CAN: Ontario company launches biofertilizer made from crickets

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SureSource Agronomy is rolling out a line of crop nutrient products derived from the excrement, exoskeletons and discarded feed materials of crickets. The insects are raised in the Aspire insect-farming facility in London, and their byproduct is called frass.

SureSource’s Rob Wallbridge provided information about it at the Guelph Organic Conference in January and handed out samples of frass products from the company’s trade show booth.

The Petrolia-based company announced on Feb. 20 it has received regulatory approval from the Canadian Food Inspection Agency for its pelleted frass product, marketed as Kickin’ Frass.

In April 2023, SureSource was among 10 companies granted $200,000 in provincial funding administered by Bioenterprise Canada through its Fertilizer Accelerating Solutions and Technology Challenge.

Program applicants committed to using the money to “transition alternative fertilizer solutions from research and validation phases to successful commercialization and market entry.”

SureSource took its funds to the Vineland Research and Innovation Centre, and an agreement was signed to work toward the commercialization of a pelleted fertilizer made from cricket frass. That work began immediately.

The new SureSource/Aspire/Vineland crop trial research collaboration led to several trials in 2023 – research highlighted in Vineland’s recently published 2023-24 Innovation Report.

“As an increasing number of insect farms come online in Canada, the question of how to deal with the resulting frass is one in need of a solution,” the report states. “And it’s one that Vineland’s plant production experts are helping to answer.”

“The research has demonstrated benefits to incorporating frass in growing media for vegetables and ornamentals, as well as a fertilizer for greenhouse lettuce and cucumber production,” Wallbridge told Farmtario.

He suggested organic producers in particular could be attracted to the new products because “as the byproduct of a local, sustainable production facility, frass fits really well into the ‘circular economy’ concept of regenerative and sustainable food production.”

The report explains that “the in-house Vineland soil laboratory looked at the benefits of different frass formulations for use in field or greenhouse vegetable production; the plant pathology team investigated pathogens, bacterial and fungal components; and the biochemistry team looked at the frass’s specific metabolomic profile including chitin content.”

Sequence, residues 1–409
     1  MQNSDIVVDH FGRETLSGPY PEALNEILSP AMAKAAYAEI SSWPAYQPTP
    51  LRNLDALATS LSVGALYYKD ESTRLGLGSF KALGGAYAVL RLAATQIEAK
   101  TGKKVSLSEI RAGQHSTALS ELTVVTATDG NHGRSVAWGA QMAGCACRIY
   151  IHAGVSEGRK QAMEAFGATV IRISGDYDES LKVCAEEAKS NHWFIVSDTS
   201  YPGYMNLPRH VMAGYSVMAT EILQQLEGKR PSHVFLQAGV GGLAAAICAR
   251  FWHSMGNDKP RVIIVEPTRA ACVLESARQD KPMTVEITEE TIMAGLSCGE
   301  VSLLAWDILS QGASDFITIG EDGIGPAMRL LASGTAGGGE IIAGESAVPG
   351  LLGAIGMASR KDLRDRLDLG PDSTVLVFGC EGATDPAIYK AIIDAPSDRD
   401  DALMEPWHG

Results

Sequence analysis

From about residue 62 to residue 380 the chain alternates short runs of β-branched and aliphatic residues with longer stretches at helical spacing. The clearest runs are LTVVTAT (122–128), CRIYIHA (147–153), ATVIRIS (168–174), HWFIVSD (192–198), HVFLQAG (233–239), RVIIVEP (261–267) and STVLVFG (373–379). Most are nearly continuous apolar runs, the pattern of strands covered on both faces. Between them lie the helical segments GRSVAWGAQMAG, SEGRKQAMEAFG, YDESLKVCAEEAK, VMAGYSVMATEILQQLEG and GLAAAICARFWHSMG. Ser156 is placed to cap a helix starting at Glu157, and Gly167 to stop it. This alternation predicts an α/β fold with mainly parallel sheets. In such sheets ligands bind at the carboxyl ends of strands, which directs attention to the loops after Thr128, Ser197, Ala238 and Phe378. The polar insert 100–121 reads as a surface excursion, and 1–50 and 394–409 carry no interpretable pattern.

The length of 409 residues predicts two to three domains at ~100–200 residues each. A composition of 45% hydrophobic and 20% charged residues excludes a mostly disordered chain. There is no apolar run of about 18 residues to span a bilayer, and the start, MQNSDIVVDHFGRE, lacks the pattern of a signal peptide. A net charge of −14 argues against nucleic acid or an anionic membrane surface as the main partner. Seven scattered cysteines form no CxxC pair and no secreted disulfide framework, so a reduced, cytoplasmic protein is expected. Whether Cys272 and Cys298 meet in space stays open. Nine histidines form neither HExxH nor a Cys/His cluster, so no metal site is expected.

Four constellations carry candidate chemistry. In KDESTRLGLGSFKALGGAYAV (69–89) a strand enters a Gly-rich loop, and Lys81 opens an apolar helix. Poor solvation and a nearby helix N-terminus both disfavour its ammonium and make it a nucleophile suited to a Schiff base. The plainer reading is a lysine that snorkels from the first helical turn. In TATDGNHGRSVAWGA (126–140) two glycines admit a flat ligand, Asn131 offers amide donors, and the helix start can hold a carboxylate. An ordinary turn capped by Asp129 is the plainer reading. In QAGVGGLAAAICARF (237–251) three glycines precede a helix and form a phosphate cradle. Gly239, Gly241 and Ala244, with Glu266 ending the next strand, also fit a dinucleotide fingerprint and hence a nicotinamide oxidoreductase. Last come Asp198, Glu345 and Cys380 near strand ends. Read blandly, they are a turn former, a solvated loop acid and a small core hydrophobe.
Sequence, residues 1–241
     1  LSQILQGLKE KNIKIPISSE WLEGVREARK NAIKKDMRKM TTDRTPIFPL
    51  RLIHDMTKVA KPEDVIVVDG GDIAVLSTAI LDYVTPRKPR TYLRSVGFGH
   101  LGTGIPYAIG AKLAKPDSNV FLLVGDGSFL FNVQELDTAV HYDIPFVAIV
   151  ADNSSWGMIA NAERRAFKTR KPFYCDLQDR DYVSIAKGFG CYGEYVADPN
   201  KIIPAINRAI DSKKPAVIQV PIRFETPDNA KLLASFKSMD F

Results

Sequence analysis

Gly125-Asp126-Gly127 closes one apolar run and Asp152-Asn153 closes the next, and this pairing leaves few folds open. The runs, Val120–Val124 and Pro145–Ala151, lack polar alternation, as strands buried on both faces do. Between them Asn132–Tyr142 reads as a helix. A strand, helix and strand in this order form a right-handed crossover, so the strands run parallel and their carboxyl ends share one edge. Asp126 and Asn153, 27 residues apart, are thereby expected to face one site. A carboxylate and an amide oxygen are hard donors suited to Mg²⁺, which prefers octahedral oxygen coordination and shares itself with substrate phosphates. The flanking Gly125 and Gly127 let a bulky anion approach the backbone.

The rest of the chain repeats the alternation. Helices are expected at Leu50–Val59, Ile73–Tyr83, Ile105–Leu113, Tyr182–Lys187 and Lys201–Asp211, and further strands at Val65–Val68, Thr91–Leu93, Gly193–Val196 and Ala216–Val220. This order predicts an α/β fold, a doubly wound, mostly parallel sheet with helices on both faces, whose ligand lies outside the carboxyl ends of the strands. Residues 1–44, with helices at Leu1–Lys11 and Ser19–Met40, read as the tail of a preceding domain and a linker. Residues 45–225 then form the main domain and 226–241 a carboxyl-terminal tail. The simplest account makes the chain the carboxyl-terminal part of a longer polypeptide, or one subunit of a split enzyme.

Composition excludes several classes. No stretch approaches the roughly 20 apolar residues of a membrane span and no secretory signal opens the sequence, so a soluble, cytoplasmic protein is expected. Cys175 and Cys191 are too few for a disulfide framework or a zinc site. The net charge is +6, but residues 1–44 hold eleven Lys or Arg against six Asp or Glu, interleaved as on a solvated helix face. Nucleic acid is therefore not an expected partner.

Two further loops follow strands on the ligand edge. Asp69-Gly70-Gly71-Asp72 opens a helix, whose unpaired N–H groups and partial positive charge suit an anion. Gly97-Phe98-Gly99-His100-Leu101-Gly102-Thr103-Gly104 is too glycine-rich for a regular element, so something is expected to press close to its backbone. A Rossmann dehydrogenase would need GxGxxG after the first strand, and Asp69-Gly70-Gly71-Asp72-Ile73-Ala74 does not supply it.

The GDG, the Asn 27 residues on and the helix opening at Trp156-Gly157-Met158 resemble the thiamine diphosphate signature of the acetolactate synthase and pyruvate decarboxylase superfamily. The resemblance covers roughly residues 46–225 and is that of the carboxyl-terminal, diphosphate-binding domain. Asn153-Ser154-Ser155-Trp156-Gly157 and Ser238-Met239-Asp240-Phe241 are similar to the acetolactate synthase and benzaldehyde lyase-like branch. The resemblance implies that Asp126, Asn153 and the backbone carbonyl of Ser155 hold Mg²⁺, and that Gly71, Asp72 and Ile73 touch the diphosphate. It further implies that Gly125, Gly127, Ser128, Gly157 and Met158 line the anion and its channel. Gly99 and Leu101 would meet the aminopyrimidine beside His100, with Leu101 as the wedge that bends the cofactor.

The report doesn’t reveal specific results from the trials but does state that “many of frass’s potential uses are similar to those of other manures, such as in beneficial soil amendments for both indoor and outdoor vegetable production. And similar to other animal livestock, frass from different insect species carries different characteristics which will influence end-use formulations and applications.”

Wallbridge shared some specific results at the trade show.

“In greenhouse lettuce trials, frass out-yielded commercial organic fertilizers and resulted in higher chlorophyll concentrations,” he said. “Comparing frass to other top-dress fertilizers in greenhouse cucumbers, frass produced fruit a week earlier and yielded 19 percent more over the production cycle.”

He added that thanks to frass’s greater stimulation of biological activity and nutrient cycling, “trials (showed the product) can produce the same yields at much lower application rates than similar carbon-based fertilizers and soil amendments.”

Prototypical formulations created by SureSource and Aspire were used in the 2023 trials. For 2024, those formulations have been adjusted, and farmers can purchase the product as either “raw frass” straight from the Aspire facility or as a processed crumble.

Wallbridge said due to the CFIA’s early 2024 approval of the product as a registered fertilizer, the crumble “offer(s) the most flexibility and convenience for application.”

Raw frass remains classified under provincial regulations as a non-agricultural source material for which additional limitations exist.

In both cases, the SureSource/Aspire products are being promoted as “the first launch of a commercial-scale cricket frass fertilizer in North America.”

Wallbridge sees potential from early crop trial results and says the research collaborators are looking forward to learning more in 2024 and beyond.

“Crops that benefit from increased nutrient availability in early growth stages could take advantage of the quick nutrient release from frass,” he suggested. “Research has also shown higher than expected availability of nitrogen, phosphorus, potassium, and zinc after frass applications.

“And the high organic matter content and increased microbial activity could be a great benefit in lighter-textured or degraded soils.”

SureSource said in a release that Kickin’ Frass will initially be available as a dry crumble. The product will be available in bulk, 1,000kg/2,204 lb. totes and 25kg/55 lb. bags. The company said it also has the capacity to do custom blending and packaging.


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